Try this: "The only thing certain about the next 15 to 18 months is uncertainty."
I'll give the credit to my boss, Keith Crain, speaking at a staff meeting last week.
No one knows what's in store, and anyone who professes otherwise is the worst kind of charlatan. As 2009 approaches, be wary of sales predictions for the new year.
One thing is certain: Solving the credit crisis — and doing it quickly — is paramount to the health of the auto industry.
Every phase of this business operates on somebody else's money.
Without credit, manufacturers can't buy steel and glass and rubber. Dealers can't order new cars and trucks, and customers can't buy them.
Crossover clutterThe current car and light-truck sales figures don't satisfy anyone, but one segment of the industry is growing.
I'll let you decide whether that's a good thing.
The number of crossover nameplates on the market continues to rise. In September, 49 lines were vying for a place in the sun. Last January there were 43.
The market may gain, but I don't expect any of the 49 players to show much of an upturn.
Everybody wants to get into the act. For example, Ford division offers four crossovers — the Escape, Edge, Taurus X and the new Flex, which went on sale in June.
Ford wants 70,000 to 100,000 Flex sales in its first year, but that looks like pie in the sky.
In the Flex's first four months on the market, sales totaled only 7,552. Granted, they were four mighty tough months for the entire industry. But did crossover clutter hurt the Flex?
You can ask the same question about the Journey, which reached Dodge showrooms in February. Sales topped 7,500 in May but were below 5,000 in August and September. Another case of crossover clutter?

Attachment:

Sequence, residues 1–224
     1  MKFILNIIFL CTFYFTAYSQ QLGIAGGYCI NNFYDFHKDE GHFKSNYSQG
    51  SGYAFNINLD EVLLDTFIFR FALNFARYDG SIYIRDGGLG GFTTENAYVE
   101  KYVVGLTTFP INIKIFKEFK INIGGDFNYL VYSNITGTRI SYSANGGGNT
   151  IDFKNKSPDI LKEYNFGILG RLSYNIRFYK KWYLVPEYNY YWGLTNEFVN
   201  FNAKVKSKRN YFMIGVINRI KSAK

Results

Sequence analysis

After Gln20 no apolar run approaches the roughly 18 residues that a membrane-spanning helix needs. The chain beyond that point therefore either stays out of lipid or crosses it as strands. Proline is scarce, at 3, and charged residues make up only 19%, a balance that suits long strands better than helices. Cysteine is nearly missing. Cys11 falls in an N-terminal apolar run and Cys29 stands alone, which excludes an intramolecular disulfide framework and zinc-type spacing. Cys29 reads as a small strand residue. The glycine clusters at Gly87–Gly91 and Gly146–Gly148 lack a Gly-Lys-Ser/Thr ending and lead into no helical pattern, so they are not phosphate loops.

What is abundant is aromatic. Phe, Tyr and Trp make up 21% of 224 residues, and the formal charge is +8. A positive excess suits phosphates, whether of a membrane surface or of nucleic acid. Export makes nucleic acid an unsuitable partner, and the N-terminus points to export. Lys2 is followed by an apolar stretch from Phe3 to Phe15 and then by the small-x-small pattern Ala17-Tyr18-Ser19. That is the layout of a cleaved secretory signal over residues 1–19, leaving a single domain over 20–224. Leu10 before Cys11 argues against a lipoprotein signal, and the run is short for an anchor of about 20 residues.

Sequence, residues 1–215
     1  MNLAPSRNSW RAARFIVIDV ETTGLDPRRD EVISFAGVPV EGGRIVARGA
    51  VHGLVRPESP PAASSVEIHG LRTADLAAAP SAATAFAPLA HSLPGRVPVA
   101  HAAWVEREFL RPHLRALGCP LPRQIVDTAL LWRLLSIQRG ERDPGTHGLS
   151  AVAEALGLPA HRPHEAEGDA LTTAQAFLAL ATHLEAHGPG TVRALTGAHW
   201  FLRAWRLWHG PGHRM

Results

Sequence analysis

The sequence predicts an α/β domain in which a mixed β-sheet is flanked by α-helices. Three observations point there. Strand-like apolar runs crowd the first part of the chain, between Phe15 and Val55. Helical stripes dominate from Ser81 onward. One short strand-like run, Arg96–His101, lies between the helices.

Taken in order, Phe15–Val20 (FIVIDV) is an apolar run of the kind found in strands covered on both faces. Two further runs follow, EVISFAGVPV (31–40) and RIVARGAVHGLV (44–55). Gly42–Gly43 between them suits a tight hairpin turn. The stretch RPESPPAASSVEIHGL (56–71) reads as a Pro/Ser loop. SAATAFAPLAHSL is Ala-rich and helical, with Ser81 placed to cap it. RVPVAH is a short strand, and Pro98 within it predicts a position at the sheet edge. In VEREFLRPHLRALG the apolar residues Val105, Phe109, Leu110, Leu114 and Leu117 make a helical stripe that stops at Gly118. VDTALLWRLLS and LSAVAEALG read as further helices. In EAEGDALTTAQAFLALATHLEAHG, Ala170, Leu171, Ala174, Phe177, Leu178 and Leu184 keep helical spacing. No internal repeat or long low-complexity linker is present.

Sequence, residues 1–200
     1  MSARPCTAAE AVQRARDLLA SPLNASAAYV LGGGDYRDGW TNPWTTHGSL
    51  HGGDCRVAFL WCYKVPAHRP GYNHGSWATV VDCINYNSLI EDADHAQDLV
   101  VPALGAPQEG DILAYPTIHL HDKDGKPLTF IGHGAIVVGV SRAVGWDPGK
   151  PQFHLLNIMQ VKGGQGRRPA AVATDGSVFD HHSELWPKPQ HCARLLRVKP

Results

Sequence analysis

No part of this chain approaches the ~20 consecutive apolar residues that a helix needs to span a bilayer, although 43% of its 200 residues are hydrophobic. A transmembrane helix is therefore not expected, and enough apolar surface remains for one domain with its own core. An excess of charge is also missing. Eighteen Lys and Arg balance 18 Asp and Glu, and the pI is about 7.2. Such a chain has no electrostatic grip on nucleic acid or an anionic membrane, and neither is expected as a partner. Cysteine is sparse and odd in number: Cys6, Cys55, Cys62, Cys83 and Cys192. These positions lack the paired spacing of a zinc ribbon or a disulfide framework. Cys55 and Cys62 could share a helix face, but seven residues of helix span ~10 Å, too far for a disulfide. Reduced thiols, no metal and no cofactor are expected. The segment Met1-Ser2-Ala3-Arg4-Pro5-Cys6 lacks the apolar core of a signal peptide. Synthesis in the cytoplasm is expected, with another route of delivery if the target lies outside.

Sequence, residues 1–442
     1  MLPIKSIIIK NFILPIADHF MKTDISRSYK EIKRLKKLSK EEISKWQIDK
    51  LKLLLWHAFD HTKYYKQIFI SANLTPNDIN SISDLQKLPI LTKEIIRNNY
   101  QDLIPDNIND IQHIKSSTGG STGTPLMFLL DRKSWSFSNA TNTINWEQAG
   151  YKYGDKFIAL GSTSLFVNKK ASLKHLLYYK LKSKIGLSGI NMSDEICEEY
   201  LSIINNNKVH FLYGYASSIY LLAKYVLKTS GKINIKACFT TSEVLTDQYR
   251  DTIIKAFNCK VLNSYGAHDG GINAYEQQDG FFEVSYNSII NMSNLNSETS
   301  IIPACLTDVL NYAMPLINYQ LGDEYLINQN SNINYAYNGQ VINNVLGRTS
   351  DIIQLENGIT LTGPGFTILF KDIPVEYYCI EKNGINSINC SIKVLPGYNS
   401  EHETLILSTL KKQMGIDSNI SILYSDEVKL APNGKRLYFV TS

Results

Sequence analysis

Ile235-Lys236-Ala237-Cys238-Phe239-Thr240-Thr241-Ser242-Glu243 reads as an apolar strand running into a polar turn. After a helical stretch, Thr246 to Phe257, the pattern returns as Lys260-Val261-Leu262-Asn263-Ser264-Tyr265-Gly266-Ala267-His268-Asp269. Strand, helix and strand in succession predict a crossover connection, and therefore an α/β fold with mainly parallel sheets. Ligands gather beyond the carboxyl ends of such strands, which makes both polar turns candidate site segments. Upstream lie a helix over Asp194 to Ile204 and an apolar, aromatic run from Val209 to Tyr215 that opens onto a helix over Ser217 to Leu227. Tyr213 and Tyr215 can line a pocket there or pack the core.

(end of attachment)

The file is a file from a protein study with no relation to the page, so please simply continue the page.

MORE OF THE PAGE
Do you suppose Chevrolet is asking those questions, too? Chevy's Traverse crossover went on sale in September.
Blending inThe Japanese automotive kingpins delight in telling us how "American" they are — U.S. plants, U.S. taxes, U.S. jobs, U.S. community involvement.
Toyota and Nissan took their Americanization a step further in September. Nissan North America's sales were down 36.8 percent from last year; Toyota Motor Sales U.S.A.'s were off 32.3 percent.
That put them right in the ballpark with Ford Motor Co. and Chrysler LLC. Ford's domestic-brand sales plunged 33.7 percent, and Chrysler's fell 32.8 percent.
Fleets to the foreIn the early months of this year, General Motors bragged about reducing its sales to daily rental fleets and increasing its retail deliveries. It was almost as though fleet transactions were something to be shunned.
Then came September.
GM bumped up its fleet sales. It didn't say how much, but it was enough to hold the unit loss for GM's domestic brands to 15.5 percent, about half the downturn suffered by most of its U.S. and Japanese rivals in September.
And GM's September market share was 29.1 percent, its highest since June 2005.
Love those fleets!
You can reach John K. Teahen Jr. at firstname.lastname@example.org